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Announcing Sacred Mounds, a novel of Magical Realism and Historical Fantasy from Jim Metzner, with a foreword by Hutke Fields, principal chief of the Natchez Nation.
Cyclonic hordes of insects, a telepathic despot, body-swapping sex - just a few of the surprises Salvador Samuels encounters when he is swept back to pre-colonial times, walking in the moccasins of a blind Indian - who, in turn, has been transported into Salvador's body in present-day America. Sacred Mounds Book Cover Four hundred years apart, they are bound by a mission to rescue our world, aided by the mysterious presence of the mounds. Thousands of these ancient earthworks once dotted the landscape of North America. We still don't know why they were created. Sacred Mounds suggests they are as important today as when they were made over a thousand years ago. Sacred Mounds weaves the stories of two men, each a stranger in a strange land. With the help of two remarkable women, they must find a way to save our planet and return home.
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Pulse of the Particle: The Pulse of the Planet daily radio program offers free legal online mp3 downloads, exploring the world of sound in nature, culture and science, with audio adventures, world music, extraordinary sound portraits, science diaries, and nature ring-tones; an amazing sonic experience.



Airdate: Jan 10, 2018
Scientist: Christine Ogilvie Hendren

Pulse of the Particle

Pulse of the Particle
What happens when nanoparticles find their way into the environment?

Transcript:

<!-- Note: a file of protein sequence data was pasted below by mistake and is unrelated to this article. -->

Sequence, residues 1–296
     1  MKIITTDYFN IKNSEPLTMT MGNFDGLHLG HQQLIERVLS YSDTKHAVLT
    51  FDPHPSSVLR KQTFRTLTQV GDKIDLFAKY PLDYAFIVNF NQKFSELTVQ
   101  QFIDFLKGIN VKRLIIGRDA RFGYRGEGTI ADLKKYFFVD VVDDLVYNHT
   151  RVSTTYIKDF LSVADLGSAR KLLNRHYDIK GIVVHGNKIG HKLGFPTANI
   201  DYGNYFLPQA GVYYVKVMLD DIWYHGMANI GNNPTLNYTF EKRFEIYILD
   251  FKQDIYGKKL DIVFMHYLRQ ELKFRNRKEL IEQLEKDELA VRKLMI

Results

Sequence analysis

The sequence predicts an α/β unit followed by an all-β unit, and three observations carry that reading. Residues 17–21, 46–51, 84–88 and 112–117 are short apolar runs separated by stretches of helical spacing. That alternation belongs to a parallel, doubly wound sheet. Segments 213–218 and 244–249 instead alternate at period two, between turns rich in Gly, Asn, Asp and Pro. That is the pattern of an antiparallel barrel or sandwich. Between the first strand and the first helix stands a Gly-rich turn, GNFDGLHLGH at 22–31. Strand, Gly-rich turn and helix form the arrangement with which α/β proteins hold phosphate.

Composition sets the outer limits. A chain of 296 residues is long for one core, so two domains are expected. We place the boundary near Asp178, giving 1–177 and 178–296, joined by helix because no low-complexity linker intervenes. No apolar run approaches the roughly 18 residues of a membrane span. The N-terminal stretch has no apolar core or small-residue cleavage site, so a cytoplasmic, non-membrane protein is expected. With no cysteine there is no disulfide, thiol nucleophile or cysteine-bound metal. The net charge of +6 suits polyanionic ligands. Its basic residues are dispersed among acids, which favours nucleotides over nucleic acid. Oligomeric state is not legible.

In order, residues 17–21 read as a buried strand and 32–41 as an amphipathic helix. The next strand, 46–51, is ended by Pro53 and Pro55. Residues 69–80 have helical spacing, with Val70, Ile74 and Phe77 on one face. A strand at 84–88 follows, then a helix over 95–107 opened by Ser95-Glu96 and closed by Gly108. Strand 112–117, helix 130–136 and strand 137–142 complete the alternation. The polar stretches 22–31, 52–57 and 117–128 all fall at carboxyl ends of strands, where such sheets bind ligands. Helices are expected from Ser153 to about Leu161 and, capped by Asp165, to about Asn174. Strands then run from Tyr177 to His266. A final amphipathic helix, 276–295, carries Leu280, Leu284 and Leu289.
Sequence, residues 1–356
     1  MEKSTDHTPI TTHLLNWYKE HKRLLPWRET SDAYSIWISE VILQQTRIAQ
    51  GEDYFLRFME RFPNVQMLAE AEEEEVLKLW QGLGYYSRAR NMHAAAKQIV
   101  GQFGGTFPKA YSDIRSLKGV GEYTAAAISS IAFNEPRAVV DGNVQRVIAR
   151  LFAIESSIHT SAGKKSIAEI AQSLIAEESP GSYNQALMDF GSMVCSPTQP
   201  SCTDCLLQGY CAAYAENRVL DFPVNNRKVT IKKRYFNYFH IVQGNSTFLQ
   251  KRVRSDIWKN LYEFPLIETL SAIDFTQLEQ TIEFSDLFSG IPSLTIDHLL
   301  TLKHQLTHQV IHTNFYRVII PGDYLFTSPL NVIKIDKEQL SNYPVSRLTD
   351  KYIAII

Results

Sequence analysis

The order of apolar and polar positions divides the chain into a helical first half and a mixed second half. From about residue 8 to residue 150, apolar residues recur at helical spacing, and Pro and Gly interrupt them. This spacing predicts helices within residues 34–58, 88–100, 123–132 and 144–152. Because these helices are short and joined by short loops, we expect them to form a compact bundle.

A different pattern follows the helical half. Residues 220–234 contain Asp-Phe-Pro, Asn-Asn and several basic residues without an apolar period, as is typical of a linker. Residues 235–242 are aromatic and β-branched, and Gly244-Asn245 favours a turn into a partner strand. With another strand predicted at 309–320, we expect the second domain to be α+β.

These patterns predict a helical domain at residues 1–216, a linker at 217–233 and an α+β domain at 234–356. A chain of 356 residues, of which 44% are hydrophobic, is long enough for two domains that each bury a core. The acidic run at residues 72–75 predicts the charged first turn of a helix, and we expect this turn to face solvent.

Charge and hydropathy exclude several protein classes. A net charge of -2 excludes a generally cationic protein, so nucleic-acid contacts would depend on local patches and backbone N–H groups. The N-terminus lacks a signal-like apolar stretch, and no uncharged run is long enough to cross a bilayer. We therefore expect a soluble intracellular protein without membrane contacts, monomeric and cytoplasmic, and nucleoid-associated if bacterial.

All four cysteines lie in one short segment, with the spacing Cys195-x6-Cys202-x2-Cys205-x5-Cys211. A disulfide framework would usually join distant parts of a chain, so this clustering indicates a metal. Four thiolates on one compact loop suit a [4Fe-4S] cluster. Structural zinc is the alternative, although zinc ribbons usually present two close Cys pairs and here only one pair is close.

Pulse of the ParticleNanotechnology and nanoparticles are everywhere these days, in cosmetics, food, clothing, electronic devices. But what'll happen when nanoparticles find their way into the environment? I'm Jim Metzner and this is the Pulse of the Planet. Hendren: NanoTechnology is the ability to manipulate matter at the nanoscale, meaning atomic or molecular level. A nanometer, if a meter is the size of Texas, a nanometer is an ant crawling across Texas. So that's very small, and these materials therefore have more surface area, different properties. They can be more conductive. They can be stronger. They can be photocatalysts and this is because of their size and other special characteristics.Christine Ogilvie Hendren is the Executive Director of the Center for the Environmental Implications of NanoTechnology, headquartered at Duke University. Hendren: The aim of the Center is really to ask the question,"what are the implications of these new nanoscale materials?" And that's started with asking, "are they toxic for a lot of people?" The Center was funded in the context of wanting to break our cycle as humans introducing revolutionary new technologies, only to find out that they have unintended consequences. We've seen this with pesticides that saved people from malaria, but that then poisoned the environment in other ways. We've seen it with CFCs that allowed us to have refrigerators and spray cans. The Center is focused on making sure we don't continue that cycle.We'll hear more on nanoparticles and their effects in future programs. Pulse of the Planet is made possible in part by the Center for Earth and Environmental Nanotechnology and the National Science Foundation. I'm Jim Metzner.